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ARTICLE |

Physician Bias in Cesarean Section

R. Goodlin, MD
JAMA. 1983;249(8):1005. doi:10.1001/jama.1983.03330320013011.
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ABSTRACT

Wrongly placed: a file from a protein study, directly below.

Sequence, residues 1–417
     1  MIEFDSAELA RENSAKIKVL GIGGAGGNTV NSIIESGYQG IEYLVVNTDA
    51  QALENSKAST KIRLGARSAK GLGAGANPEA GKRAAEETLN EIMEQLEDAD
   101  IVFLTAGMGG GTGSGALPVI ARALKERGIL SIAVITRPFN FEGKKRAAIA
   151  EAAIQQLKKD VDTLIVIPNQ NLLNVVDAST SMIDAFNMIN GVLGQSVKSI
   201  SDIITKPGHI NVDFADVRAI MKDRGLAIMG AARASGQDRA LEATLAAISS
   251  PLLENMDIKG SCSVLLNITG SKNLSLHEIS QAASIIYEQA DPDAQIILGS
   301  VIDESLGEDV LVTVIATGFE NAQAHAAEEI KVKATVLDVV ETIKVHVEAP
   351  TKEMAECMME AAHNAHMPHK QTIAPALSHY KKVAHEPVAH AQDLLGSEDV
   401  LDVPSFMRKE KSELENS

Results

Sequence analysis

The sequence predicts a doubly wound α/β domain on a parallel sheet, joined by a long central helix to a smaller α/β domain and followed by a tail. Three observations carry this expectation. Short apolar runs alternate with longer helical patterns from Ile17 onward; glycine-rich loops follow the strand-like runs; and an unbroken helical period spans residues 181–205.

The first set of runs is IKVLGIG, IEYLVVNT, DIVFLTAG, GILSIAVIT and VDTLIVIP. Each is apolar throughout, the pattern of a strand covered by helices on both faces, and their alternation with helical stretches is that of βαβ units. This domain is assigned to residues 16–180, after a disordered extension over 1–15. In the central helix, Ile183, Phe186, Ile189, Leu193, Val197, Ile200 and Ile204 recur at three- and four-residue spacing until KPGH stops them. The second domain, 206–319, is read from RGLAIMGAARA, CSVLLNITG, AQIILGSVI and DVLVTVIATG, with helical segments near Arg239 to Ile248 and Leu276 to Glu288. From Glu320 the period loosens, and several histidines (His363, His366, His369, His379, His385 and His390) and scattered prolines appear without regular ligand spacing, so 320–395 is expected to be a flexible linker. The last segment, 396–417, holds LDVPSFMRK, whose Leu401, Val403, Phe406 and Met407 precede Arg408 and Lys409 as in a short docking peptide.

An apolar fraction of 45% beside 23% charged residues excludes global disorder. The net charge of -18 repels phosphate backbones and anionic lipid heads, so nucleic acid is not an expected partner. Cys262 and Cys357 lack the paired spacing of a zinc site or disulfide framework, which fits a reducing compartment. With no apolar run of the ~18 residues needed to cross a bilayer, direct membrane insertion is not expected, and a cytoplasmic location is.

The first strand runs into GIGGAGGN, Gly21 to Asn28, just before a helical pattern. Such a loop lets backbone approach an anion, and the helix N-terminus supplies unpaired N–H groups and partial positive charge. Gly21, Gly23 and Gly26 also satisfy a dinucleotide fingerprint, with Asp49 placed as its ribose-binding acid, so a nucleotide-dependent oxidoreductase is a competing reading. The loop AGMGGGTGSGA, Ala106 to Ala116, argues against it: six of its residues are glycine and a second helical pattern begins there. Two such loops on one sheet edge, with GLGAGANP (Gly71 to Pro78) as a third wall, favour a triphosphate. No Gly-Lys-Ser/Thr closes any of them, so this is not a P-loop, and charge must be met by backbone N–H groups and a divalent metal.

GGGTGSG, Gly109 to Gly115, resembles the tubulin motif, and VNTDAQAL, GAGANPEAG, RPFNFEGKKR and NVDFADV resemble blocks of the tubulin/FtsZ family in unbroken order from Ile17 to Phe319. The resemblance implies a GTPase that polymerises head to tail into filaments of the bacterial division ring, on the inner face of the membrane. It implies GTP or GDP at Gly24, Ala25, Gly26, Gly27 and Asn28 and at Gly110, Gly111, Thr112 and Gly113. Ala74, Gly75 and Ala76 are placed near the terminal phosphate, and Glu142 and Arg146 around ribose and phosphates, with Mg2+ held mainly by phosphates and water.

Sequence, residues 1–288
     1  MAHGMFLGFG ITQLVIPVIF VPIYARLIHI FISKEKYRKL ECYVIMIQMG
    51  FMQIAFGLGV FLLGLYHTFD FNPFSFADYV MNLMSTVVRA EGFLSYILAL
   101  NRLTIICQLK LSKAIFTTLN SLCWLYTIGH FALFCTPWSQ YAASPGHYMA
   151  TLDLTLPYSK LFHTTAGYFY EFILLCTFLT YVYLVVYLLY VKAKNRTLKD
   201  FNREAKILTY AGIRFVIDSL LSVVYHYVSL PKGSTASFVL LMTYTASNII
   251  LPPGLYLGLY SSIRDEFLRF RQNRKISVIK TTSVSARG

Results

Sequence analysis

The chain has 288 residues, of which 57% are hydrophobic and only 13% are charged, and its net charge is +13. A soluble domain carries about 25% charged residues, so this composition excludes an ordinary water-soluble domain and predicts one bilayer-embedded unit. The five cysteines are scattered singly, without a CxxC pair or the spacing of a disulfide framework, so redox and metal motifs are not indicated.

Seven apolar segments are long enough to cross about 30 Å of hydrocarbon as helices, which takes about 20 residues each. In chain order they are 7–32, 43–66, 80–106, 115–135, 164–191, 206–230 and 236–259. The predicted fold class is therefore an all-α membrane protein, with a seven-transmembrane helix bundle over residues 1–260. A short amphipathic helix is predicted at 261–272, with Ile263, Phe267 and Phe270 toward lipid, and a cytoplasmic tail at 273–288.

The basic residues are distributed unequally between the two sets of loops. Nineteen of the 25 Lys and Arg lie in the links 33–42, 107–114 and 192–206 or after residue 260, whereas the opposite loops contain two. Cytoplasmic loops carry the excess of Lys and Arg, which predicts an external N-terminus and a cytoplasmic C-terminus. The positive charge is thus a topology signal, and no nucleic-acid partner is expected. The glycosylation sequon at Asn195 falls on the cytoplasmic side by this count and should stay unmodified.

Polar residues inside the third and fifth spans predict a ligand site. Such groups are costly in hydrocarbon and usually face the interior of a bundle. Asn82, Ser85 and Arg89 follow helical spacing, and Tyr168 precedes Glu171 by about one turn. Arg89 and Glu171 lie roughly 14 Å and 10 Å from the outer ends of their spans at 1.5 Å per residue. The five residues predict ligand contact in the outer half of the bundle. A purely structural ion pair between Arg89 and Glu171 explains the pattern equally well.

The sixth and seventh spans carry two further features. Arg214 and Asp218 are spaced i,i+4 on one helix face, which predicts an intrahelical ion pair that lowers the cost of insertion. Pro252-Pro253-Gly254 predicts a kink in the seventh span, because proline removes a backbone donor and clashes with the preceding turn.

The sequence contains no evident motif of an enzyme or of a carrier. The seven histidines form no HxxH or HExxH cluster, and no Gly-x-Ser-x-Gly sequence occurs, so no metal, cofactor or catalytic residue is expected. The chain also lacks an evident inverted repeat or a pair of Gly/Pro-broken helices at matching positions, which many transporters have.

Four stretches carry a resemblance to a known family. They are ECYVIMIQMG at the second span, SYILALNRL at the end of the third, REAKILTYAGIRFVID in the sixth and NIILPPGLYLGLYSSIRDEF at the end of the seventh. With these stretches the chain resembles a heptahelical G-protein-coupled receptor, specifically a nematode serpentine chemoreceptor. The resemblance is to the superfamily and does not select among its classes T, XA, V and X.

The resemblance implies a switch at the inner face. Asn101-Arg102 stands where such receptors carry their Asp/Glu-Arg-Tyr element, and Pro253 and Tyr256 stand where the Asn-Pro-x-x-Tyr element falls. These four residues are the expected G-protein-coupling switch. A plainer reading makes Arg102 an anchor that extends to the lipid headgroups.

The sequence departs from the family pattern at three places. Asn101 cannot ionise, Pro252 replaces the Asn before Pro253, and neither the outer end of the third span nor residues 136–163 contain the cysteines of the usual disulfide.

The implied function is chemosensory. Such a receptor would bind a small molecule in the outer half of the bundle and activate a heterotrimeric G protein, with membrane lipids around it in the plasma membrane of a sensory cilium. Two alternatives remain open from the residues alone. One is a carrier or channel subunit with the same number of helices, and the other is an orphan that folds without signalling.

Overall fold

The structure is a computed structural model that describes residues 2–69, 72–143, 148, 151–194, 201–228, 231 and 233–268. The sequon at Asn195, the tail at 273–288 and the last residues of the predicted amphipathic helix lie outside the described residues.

To the Editor.—  The recent article by Phillips et al (1982;248:1082) addressed the important issue of physician bias in cesarean sections. Several years ago, I analyzed the records from a hospital in northern California with a large obstetric service and found that cesarean sections done for dystocia occurred at certain times of the day (between 4:30 to 7 PM and 9:30 to 10:30 PM) and hardly any at other times (between 1:30 to 5:30 AM). It seemed to me that these times of performing a cesarean section conform to the physicians and staff schedules, that they were after office hours or before a change of shift, and that they were hardly ever in the early hours of the morning. Instead of looking at the days of the week, I suggest that Phillips et al should have looked at the times of the day when cesarean sections were done to answer

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